SINGAPORE (Reuters) - Chinese tech giant ByteDance censored content it perceived as critical of the Chinese government on its news aggregator app in Indonesia from 2018 to mid-2020, six people with direct knowledge of the matter told Reuters.
The sources said that local moderators were instructed by a team from ByteDance’s Beijing headquarters to delete articles seen as “negative” about Chinese authorities on the Baca Berita (BaBe) app.
In a statement to Reuters, BaBe said it disagreed with the claims and that it moderates content according to its community guidelines and in line with Indonesia’s local laws.
Those guidelines, which are published on its website, do not mention China or the Chinese government.
Following the publication of this story, BaBe said that before the “more localised approach” it currently uses, Babe had “some moderation practices in place that were not consistent with our philosophy of having the Indonesian team deciding what is appropriate for its market.
“These guidelines were replaced in 2019 and we’ve since built and empowered local moderation teams to make decisions that suit the local market,” the statement added.
It did not immediately respond to a follow-up Reuters query asking which month in 2019 those guidelines had changed.
ByteDance in Beijing said it had no additional comment beyond the BaBe statement. China’s internet regulator, the Cyberspace Administration of China (CAC), did not immediately respond to requests for comment.
The Chinese Foreign Ministry said in a fax that it has consistently requested Chinese enterprises abide by international rules and local laws as a basis to develop international cooperation.
It also said that it noted the Indonesian firm’s statement and hoped media outlets would objectively and fairly report on Chinese companies’ normal overseas exchange and cooperation efforts.
U.S President Donald Trump has threatened to shut down ByteDance’s short-video app TikTok - widely popular in the U.S., Indonesia and other countries - on national security grounds unless it is sold to a U.S. company.
Some U.S lawmakers, including Republican Senator Josh Hawley, have raised concerns over TikTok’s data security practices and allegations that it engages in censorship at the behest of the Chinese government.
“If ByteDance will censor BaBe in Indonesia, what’s to stop it from censoring TikTok in the United States?” Hawley said, when asked to comment on the Reuters story. “We shouldn’t trust any assurances they make. This is another reason TikTok as it currently exists should be banned in the United States.”
A senior Trump administration official also weighed in on the news. “Entities such as ByteDance ultimately answer to the Chinese Communist Party (CCP) and have a history of censoring free speech to conform to CCP propaganda,” the person said.
The company has repeatedly disputed those allegations.
Indonesia, a country of 270 million where over half the population is under 30, is one of ByteDance’s fastest-growing markets. TikTok had more than 147 million downloads in the country, according to data from app analytics firm SensorTower.
ByteDance bought Indonesian news aggregator BaBe in 2018 after TikTok was briefly banned in the country for showing “pornography, inappropriate content and blasphemy”, according to officials.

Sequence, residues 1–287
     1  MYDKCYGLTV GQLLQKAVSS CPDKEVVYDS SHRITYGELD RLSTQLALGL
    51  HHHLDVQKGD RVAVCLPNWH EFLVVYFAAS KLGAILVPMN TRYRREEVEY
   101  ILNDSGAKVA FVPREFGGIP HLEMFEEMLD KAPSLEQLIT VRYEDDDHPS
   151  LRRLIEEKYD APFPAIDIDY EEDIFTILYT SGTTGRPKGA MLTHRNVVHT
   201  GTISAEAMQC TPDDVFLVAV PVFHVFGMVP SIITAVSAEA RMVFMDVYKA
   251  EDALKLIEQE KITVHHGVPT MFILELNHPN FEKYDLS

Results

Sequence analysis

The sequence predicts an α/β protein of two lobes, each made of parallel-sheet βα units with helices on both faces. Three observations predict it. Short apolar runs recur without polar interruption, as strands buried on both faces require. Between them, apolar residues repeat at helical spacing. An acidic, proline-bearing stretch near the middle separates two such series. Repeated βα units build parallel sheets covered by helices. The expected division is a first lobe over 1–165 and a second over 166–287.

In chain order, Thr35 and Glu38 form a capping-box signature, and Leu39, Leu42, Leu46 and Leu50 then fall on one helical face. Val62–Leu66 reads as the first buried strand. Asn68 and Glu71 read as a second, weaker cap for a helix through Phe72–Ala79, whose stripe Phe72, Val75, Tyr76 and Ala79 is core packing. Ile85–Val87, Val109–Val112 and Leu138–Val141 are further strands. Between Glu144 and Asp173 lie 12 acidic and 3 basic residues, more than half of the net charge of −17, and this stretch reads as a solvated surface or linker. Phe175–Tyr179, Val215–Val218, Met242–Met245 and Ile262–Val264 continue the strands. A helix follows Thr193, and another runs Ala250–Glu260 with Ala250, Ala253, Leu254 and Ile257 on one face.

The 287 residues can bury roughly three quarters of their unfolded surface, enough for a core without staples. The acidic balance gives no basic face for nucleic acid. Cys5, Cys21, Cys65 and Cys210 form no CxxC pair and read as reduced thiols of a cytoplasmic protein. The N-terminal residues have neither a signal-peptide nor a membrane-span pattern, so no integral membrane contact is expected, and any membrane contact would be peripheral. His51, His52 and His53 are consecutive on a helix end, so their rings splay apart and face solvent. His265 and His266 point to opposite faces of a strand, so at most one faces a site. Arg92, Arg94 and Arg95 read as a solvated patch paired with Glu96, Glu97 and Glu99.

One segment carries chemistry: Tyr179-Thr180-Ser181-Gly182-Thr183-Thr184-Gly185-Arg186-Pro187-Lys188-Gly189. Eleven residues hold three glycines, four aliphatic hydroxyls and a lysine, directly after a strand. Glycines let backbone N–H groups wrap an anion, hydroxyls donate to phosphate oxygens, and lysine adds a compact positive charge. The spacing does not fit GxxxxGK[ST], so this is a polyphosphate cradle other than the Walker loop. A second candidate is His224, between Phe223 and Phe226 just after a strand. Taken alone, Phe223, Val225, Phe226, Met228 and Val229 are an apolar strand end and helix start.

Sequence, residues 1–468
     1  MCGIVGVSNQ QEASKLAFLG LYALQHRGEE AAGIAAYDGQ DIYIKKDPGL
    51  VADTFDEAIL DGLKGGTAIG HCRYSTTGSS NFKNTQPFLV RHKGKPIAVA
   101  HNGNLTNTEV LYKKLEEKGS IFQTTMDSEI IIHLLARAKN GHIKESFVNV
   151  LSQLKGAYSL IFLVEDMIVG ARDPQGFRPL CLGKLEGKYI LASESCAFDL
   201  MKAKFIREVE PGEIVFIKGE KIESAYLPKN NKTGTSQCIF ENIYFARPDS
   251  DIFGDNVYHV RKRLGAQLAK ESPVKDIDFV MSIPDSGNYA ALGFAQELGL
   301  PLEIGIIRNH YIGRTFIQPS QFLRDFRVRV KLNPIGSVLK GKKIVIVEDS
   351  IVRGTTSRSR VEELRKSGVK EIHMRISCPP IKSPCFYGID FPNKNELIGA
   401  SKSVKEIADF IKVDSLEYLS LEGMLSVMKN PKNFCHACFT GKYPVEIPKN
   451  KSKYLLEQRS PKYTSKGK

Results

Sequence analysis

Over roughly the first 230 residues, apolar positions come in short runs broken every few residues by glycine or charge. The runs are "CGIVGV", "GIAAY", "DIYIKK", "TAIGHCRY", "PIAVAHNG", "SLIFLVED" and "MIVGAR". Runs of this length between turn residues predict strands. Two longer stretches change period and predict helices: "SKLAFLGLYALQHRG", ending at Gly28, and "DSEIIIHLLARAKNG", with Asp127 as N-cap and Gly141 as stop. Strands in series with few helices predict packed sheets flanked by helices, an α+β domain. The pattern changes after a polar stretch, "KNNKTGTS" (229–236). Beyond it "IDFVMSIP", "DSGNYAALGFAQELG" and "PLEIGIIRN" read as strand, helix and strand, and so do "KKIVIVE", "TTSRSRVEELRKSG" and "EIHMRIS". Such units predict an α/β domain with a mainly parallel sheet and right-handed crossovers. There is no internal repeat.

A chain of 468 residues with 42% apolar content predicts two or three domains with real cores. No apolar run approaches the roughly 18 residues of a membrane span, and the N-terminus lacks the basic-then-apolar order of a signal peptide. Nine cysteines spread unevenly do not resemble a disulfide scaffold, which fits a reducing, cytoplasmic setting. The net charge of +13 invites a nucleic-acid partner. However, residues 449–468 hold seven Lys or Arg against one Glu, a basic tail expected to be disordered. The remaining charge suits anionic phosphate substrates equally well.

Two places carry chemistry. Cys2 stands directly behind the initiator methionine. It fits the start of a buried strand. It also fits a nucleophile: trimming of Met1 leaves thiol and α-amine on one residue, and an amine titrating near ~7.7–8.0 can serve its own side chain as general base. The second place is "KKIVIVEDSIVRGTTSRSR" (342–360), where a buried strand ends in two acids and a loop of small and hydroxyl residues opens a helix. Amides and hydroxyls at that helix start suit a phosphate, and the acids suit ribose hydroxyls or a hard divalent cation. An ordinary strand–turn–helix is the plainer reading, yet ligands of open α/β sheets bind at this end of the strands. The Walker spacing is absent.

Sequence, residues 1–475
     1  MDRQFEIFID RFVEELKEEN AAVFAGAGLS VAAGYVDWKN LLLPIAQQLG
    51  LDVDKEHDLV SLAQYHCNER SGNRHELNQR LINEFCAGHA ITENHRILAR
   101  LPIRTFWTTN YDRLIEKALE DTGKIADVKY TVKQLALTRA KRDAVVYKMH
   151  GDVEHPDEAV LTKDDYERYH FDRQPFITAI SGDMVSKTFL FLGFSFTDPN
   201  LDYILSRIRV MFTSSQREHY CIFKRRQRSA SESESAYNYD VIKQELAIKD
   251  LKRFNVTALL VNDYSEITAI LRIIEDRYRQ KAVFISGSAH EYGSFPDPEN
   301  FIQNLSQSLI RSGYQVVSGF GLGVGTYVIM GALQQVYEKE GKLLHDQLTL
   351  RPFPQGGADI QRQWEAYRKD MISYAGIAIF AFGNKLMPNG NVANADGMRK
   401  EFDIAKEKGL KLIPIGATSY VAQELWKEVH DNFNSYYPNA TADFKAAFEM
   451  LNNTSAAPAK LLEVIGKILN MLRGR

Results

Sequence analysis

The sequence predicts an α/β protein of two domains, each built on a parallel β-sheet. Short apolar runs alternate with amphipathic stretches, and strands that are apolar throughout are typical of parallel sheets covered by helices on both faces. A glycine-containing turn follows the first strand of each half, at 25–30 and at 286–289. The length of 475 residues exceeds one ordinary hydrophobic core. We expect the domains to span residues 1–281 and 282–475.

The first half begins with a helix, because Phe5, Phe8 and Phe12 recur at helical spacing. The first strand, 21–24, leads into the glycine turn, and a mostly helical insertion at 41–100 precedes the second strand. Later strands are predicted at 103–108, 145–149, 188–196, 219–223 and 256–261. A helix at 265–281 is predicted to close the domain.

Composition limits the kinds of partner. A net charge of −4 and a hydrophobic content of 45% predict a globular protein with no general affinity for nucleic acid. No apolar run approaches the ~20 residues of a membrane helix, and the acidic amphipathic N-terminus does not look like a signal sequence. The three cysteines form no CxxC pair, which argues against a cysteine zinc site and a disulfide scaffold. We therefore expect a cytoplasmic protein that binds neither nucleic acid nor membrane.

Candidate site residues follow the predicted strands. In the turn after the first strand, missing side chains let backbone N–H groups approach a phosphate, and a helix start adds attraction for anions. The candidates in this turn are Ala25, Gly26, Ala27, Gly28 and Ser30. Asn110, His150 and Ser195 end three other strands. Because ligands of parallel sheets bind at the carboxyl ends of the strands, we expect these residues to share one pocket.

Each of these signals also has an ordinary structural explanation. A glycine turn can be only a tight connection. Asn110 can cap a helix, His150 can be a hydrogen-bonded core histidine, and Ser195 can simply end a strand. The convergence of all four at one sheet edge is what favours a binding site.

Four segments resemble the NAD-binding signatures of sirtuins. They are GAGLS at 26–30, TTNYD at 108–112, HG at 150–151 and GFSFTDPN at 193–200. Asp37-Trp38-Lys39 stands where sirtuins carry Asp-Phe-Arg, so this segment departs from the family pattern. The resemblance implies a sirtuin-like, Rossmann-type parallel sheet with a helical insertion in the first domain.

In seeking to reverse the ban, ByteDance agreed with Indonesian authorities to hire a team of local TikTok moderators and reinforce its presence in the world’s fourth largest country, according to the then Indonesian communications minister and three company sources.
It then purchased the full operations of BaBe, in which it had already been a majority investor.
Soon after, moderation guidelines for BaBe, which uses artificial intelligence to aggregate stories from hundreds of Indonesian media outlets, were crafted by a team from ByteDance’s Beijing headquarters, two of the six sources said.
BaBe moderators were also told not publish any articles on the TikTok ban while negotiations with the Indonesian government were underway, the people said.
Under the new BaBe guidelines, articles from partner media outlets that were perceived as critical of the Chinese government would either not be republished on the BaBe app or would be taken down from the app, according to the six sources.
Articles with the keyword “Tiananmen,” a reference to China’s 1989 Tiananmen Square crackdown, or to Mao Zedong, the founder of modern China, were among those taken down, one person with direct involvement said.
Another direct source described articles about tensions between Indonesia and China over the South China Sea as being banned on the app, even when they came from the country’s official news agency, Antara.
Three of the sources said BaBe was using content guidelines patterned on those used for ByteDance’s Chinese news app, Toutiao, with some tweaks made for Indonesia regarding the topic of elections as well regarding race, ethnicity, and religion in Indonesia. Sensationalist articles on those topics, which are highly sensitive in Indonesia, would be dropped, they said.
“They wanted a non-political happy tone for the app,” one of the people said.
The guidelines changed in mid-2020, when it became possible to read articles on previously censored topics on the BaBe app, a separate source said, calling it a “learning process for ByteDance.”
ByteDance disagreed with this assessment and said guidelines changed in 2019.
A 2019 internal ByteDance presentation reviewed by Reuters describes BaBe as Indonesia’s top news app with more than 8 million monthly active users and 30 million downloads by the end of 2019.
Additional reporting by Alexandra Alper in Washington, D.C.; Brenda Goh in Shanghai, Yingzhi Yang; editing by Jonathan Weber and Nick Tattersall and Jon Boyle
Our Standards: The Thomson Reuters Trust Principles.